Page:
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Virginijus Valiunas, Peter R. Brink, Thomas W. White; Lens Connexin Channels Have Differential Permeability to the Second Messenger cAMP. Invest. Ophthalmol. Vis. Sci. 2019;60(12):3821-3829. doi: 10.1167/iovs.19-27302.
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Gap junction channels exhibit connexin specific biophysical properties, including the selective intercellular passage of larger solutes, such as second messengers. Here, we have examined the cyclic nucleotide permeability of the lens connexins, which could influence events like epithelial cell division and differentiation.
We compared the cAMP permeability through channels composed of Cx43, Cx46, or Cx50 using simultaneous measurements of junctional conductance and intercellular transfer. For cAMP detection, the recipient cells were transfected with a cAMP sensor gene, the cyclic nucleotide-modulated channel from sea urchin sperm (SpIH). cAMP was introduced via patch pipette into the cell of the pair that did not express SpIH. SpIH-derived currents were recorded from the other cell of a pair that expressed SpIH. cAMP permeability was also directly visualized in transfected cells using a chemically modified fluorescent form of the molecule.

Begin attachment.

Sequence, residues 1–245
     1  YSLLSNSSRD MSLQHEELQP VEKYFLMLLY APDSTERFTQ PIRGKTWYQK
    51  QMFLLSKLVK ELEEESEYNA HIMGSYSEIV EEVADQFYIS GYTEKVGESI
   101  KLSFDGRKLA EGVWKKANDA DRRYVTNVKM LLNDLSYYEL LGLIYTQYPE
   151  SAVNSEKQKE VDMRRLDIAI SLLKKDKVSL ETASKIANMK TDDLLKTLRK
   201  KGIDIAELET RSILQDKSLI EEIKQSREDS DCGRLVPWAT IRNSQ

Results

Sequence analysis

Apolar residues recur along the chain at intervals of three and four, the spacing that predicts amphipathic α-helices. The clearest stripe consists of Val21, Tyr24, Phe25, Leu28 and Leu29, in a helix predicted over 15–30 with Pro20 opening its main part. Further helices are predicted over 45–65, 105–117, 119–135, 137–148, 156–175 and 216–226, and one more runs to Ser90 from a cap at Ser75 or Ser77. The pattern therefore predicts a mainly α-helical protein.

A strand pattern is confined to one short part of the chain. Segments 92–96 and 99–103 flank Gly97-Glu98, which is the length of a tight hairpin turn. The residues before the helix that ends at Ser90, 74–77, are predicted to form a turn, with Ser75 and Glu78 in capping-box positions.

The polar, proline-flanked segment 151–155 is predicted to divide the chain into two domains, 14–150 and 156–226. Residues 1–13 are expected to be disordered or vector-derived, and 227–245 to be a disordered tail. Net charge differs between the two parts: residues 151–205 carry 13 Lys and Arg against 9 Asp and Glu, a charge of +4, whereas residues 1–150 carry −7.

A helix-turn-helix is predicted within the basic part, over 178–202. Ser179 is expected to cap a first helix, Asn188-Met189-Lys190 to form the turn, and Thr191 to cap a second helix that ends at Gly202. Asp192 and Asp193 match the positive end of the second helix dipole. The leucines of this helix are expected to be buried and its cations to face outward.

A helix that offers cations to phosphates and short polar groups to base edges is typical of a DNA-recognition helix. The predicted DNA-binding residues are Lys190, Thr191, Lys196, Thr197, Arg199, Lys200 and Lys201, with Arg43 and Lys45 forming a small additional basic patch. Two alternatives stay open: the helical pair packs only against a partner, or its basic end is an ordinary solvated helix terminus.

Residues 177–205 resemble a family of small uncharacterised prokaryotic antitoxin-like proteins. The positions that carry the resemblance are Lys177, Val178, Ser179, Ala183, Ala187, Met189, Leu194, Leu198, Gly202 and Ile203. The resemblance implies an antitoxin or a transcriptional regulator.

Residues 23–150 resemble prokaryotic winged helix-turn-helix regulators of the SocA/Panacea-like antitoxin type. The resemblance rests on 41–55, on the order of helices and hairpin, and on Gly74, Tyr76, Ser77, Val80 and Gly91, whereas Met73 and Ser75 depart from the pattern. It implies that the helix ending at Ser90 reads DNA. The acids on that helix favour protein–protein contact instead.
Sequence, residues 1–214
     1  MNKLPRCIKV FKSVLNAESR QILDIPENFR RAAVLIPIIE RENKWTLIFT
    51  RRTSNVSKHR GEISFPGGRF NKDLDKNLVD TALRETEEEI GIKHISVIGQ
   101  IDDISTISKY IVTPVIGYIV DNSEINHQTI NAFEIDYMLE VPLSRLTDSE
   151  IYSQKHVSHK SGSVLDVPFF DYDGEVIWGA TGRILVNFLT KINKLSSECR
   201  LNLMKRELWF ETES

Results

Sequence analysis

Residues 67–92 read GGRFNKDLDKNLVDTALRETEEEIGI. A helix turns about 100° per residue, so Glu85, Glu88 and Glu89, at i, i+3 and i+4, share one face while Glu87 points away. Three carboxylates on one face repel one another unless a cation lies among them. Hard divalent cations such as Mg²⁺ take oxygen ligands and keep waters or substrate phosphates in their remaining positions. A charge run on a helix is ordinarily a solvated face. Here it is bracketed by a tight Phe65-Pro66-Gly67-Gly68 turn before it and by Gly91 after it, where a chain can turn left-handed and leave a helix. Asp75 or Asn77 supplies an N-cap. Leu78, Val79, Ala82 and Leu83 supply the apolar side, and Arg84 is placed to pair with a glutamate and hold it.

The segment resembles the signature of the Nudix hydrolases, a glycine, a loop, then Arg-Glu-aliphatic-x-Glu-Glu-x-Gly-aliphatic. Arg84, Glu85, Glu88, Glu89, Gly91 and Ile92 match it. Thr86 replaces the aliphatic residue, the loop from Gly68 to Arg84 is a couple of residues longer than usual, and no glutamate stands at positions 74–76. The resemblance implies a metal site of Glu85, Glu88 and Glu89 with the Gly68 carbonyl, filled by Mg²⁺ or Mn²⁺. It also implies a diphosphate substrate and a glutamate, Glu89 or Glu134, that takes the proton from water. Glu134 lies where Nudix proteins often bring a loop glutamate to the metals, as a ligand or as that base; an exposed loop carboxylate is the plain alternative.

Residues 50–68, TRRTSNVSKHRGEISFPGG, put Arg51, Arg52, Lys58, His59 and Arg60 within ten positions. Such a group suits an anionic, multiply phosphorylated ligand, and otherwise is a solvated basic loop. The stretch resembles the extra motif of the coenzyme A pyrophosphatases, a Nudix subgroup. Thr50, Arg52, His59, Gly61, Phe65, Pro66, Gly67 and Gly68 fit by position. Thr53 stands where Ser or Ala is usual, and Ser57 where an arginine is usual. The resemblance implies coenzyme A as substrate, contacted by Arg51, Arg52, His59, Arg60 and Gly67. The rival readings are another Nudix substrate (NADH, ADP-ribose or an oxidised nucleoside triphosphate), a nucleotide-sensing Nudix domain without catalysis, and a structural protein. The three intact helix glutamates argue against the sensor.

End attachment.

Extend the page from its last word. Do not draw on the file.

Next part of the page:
cAMP transfer was observed for homotypic Cx43 channels over a wide range of junctional conductance. Homotypic Cx46 channels also transferred cAMP, but permeability was reduced compared with Cx43. In contrast, homotypic Cx50 channels exhibited extremely low permeability to cAMP, when compared with either Cx43, or Cx46.
These data show that channels made from Cx43 and Cx46 result in the intercellular delivery of cAMP in sufficient quantity to activate cyclic nucleotide-modulated channels. The data also suggest that the greatly reduced cAMP permeability of Cx50 channels could play a role in the regulation of cell division in the lens.
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